Modi’s Heat Level: A blazingly intolerant move

  • + Modi’s Citizenship Act pushes him forward in our Hot list this week. 
  • + Anti-Muslim sentiment of the Act has led to an uproar. 
  • + Ambiguous international laws allow for Modi’s policies.

What makes a politician a great leader? Narendra Modi claims that an active role in policymaking does. But in the past 5 years, Modi seems to have taken this role a little too seriously – if not in the way many Indians would have wanted. An example: the Citizenship Amendment Act (CAA). 

The CAA states that “any person belonging to Hindu, Sikh, Buddhist, Jain, Parsi or Christian community from Afghanistan, Bangladesh or Pakistan, who entered into India on or before the 31st day of December 2014 (…) shall not be treated as an illegal migrant for the purposes of this Act”.

With three criteria for differentiating between illegal and legal immigrants in India, the CAA has become extremely restrictive. The government will recognize people from these 6 communities as legal immigrants only if they declare that they have faced religious persecution in the three mentioned countries. The grounds that Modi is using for this act is that these six communities are minorities in the three neighbouring Muslim-majority countries and face discrimination to a large extent. 

Now the Modi government has exacerbated the problem by expanding the National Register of Citizens (NRC) all across India. Modi is getting exactly what he wants and if this continues, he will be in our ‘Hot list’ for a while.  This law requires citizens of India to prove their citizenship through the possession of specific documents.

This is especially pertaining to those immigrants who have been granted Indian citizenship. So, although a person belonging to either of the 6 communities may not have the specified documents as per the NRC, she will still be protected under the CAA. This act, had it been more inclusive, would have been deemed very humanitarian. But due to its underlying anti-Muslim sentiment, the Modi government has faced backlash again.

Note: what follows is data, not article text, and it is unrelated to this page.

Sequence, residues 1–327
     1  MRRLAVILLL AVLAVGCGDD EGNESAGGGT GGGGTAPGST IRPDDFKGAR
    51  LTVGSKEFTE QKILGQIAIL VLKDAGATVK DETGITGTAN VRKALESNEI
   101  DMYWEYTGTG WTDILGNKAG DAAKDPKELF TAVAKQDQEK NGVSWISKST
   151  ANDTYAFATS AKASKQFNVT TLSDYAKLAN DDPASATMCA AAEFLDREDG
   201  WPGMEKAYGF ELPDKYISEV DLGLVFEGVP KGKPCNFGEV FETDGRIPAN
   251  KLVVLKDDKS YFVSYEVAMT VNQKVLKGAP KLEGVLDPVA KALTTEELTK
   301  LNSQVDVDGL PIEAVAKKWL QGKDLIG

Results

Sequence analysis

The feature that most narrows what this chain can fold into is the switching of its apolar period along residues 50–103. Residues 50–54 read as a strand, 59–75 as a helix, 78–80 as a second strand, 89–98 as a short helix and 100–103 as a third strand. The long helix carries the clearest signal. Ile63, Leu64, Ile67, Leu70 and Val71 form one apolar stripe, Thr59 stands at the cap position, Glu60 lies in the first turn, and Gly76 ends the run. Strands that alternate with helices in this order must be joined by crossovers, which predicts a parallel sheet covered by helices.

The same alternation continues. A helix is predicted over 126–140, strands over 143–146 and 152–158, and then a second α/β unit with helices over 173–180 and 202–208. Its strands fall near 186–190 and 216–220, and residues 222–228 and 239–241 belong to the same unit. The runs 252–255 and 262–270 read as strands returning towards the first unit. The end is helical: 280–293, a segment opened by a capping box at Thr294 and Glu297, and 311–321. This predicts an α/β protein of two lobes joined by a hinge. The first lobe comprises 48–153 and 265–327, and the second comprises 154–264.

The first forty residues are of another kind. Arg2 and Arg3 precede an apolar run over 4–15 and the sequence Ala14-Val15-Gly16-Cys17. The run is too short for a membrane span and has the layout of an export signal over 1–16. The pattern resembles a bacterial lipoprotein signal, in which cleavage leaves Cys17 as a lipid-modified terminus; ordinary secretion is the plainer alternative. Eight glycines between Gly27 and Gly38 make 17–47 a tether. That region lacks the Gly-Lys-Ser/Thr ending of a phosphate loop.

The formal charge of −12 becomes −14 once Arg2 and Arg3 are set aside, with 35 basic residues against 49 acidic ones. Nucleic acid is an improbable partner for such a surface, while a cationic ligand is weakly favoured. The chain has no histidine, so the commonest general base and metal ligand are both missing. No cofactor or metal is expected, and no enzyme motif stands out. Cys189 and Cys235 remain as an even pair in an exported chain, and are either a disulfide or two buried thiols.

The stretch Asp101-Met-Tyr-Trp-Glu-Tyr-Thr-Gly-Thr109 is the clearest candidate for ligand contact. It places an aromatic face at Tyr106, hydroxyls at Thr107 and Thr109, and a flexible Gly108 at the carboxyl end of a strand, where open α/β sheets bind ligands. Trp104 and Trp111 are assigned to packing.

What are the Indian citizens protesting about?

Essentially, there are two groups that are protesting in India. The initial protests started in Assam, a north-eastern state, against all immigrants regardless of their religion. For these protesters, preserving their culture and the nature of their demographics is very important. The other, larger group, is protesting against the anti-Muslim sentiment that has been inferred from this Act.

What about certain Muslim communities that face religious persecution as well? 

Modi has managed to exclude these communities from the Act because they don’t meet all the criteria. Besides, Modi argued that a Muslim from a Muslim majority country is unlikely to be religiously persecuted and hence, doesn’t need asylum. Of course, theoretically, this makes sense. But he has also failed to recognise the above-mentioned communities that do face religious persecution in their own countries such as the Rohingya Muslims in Myanmar, the Ahamadiyas and Razdas in Afghanistan and the Tamils in Sri Lanka.

The government also does not make a distinction between sects within a religion that might be discriminated against; although Shia, Sunni, and Razdas are different sects, they all fall under the same religion of Islam and hence, will have to apply to Indian citizenship as any other migrant.

Can Modi discriminate against religions under the International Law for Refugees?